Cowper’s first attempt to enter the Commons may have come at the Totnes election of January 1701. His brother William had initially been proposed by Lord Somers (Sir John*) and the Duke of Bolton (Charles Powlett I*) in opposition to the outgoing Tory Members. William had, however, declined to take the election to a poll, and it may be that following this withdrawal Spencer was suggested as a possible candidate, for a week after the election Bishop Trelawny wrote that he had declined to support Bolton’s candidate as ‘I look on Cowper as a murderer’. However, the Totnes election of January 1701 was not contested and Spencer did not enter the Commons until December 1705, when he was returned for the seat at Bere Alston vacated by his brother’s appointment as lord keeper. As a lawyer, on 10 Jan. 1706 he voiced reservations in the House about the wording of the treason clauses of the regency bill. Warning that it ‘may have some ill consequences to [the] people and the constitution’, he wanted provisos included to require two witnesses and a tighter formula for prosecution for spoken and written words. Five days later he spoke on the bill’s arrangements for summoning Parliaments, but nevertheless concluded ‘for the whole bill’, and was noted as having supported the Court during February’s proceedings upon the ‘place clause’ of the bill. His legal practice thrived, and in June 1706 it was rumoured that he would be made a Queen’s Counsel, but perhaps his brother again barred his promotion, for he had to wait for this honour until after the Hanoverian succession. He was marked as a Whig on two analyses of Parliament in 1708, and on 30 Mar. successfully moved for an address for the accounts of the armed forces to be presented as part of an attempt by the ‘Lord Treasurer’s Whigs’ to bring the troops up to strength, indicating that he followed his brother’s political allegiance to Lord Godolphin (Sidney†). That month he and other lawyers looked over the archbishop of Canterbury’s copies of cathedral statutes before they were presented to the House of Commons in connexion with the cathedrals bill.5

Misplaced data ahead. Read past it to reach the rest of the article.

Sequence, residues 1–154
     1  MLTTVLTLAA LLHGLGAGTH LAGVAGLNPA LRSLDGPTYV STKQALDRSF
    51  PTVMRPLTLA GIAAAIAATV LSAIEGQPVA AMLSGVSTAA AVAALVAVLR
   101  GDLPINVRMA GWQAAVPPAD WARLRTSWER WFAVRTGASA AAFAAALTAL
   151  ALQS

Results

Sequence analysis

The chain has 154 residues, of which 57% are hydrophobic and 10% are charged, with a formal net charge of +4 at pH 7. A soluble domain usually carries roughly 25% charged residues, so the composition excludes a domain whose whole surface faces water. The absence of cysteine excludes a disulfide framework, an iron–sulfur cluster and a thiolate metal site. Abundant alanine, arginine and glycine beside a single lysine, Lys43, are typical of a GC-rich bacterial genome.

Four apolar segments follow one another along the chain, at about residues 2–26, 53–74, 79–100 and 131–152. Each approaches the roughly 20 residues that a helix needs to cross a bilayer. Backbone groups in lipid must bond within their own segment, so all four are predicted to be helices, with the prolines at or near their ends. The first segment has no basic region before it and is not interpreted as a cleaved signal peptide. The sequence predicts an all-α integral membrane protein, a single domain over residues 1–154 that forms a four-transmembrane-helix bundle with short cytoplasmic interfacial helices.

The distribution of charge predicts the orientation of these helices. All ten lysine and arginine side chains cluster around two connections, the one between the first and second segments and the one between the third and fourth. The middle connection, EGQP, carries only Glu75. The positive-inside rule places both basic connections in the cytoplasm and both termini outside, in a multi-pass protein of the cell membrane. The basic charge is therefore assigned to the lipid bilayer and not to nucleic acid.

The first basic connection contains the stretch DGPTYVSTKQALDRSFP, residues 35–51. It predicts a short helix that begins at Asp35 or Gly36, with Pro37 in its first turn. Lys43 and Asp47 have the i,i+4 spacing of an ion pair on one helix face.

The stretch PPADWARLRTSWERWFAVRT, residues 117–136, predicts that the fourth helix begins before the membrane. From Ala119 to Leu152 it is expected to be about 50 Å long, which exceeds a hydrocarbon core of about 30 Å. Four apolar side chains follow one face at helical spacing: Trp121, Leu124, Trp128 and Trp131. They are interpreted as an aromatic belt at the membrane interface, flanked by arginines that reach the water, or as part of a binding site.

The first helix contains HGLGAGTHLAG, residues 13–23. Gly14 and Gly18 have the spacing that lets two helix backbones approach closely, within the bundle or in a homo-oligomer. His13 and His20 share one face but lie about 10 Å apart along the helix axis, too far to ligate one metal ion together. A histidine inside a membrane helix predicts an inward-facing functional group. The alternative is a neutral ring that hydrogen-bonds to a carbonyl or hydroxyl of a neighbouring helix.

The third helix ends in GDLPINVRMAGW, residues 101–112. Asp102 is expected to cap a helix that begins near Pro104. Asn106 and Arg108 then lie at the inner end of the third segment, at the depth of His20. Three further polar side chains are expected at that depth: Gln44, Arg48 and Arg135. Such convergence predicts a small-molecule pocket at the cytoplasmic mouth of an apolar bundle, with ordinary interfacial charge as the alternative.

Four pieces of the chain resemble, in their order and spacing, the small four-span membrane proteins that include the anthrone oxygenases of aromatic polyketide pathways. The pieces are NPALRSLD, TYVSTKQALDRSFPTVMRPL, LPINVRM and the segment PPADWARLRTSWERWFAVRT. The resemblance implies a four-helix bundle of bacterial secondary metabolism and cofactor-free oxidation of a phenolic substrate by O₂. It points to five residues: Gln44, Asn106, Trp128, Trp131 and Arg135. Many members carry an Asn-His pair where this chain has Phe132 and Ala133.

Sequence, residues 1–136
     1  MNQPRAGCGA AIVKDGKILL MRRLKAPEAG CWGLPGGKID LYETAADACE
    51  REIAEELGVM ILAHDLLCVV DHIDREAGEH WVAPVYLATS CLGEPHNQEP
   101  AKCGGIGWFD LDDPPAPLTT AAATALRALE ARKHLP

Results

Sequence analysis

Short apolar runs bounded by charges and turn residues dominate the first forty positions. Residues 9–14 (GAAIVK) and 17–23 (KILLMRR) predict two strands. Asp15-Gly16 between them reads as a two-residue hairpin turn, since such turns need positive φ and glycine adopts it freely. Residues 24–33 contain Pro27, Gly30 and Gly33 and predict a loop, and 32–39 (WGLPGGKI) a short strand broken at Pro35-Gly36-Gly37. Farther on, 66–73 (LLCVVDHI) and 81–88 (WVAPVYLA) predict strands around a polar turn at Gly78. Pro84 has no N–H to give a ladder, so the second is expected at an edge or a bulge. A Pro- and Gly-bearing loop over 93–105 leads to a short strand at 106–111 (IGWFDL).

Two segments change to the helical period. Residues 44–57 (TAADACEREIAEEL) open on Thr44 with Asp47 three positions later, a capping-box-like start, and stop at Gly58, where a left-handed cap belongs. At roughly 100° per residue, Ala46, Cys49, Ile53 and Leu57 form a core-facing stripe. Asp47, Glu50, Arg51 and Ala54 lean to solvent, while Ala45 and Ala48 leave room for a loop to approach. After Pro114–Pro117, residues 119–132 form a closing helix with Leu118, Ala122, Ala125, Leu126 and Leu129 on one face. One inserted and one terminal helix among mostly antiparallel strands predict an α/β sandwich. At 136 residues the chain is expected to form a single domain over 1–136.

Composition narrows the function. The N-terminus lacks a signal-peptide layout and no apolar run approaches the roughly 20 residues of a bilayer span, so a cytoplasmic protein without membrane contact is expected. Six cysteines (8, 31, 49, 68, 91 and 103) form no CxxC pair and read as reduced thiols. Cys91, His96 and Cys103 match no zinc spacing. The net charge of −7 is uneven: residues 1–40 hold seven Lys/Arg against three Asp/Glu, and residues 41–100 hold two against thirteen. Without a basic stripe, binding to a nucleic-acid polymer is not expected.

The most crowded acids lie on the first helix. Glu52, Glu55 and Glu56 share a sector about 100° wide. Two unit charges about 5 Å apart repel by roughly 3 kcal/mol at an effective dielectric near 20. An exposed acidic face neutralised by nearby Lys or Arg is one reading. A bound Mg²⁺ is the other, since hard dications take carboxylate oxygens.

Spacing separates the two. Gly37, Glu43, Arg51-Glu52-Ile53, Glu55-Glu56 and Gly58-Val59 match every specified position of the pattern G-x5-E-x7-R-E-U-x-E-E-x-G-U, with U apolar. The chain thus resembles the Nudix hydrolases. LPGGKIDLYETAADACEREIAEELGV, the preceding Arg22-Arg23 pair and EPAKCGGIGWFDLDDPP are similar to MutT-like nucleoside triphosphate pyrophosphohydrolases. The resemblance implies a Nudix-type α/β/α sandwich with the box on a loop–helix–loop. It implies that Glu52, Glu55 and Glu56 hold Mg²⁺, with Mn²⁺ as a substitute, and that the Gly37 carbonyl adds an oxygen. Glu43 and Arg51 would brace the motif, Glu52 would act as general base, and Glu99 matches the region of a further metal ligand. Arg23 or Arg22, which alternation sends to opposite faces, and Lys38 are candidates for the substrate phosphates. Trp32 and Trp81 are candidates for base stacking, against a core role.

In April 1708 William, now Lord Cowper, wrote requesting Lord Stamford’s continuing support for Spencer at Bere Alston, where he was duly re-elected in May at the general election. On 29 Jan. 1709 he was appointed to prepare a bill for improving the Union by unifying the laws for treason, and, following the failure of this bill, told on 30 Mar. for the committal of a similar measure which had been initiated in the Lords. On 5 Apr. he spoke, as Bishop Nicolson said, on the subject in favour of oyer and terminer. During this session he also supported the naturalization of the Palatines. It was the impeachment of Dr Sacheverell that allowed him to display his lawyer’s eloquence at its best. Despite his brush with the Hertford Quakers, he evidently retained his sympathy for Dissent, and on 13 Dec. 1709 seconded John Dolben’s* motion to take Sacheverell’s sermon into consideration as a libel, being duly appointed the following day to draw up the articles of impeachment. On 22 Dec. he told against granting the doctor bail. In March 1710 he was appointed to the committee to manage the ensuing trial, over which his brother, the lord chancellor, presided, and at which he spoke to the second article which accused the doctor of declaring the toleration to be unreasonable and unwarrantable. Defending the Toleration Act as ‘a legal Indulgence’ he accused Sacheverell of having represented it

as an open violence . . . Mr Cowper was far from saying that sentences ratified in Heaven could be reversed by the power of this world, but he desired to be excused from thinking any of his curses upon persons who enjoyed the toleration, meaning the Doctor’s, were ratified there; and as to any ecclesiastical censure, not ratified there, he thought it downright insolence to say there was no power on earth could reverse it.

He ‘spoke with so fine and deliberate a cadence and so soft and engaging a tone’ that one observer ‘had not time to mind the sense of his speech, only that he maintained that religion had nothing at all to do with the state’. In summing up on 10 Mar. 1710, he again attacked Sacheverell’s pedantic distinction between the legal toleration and a universal toleration, implying that the doctor had invented it since the impeachment, and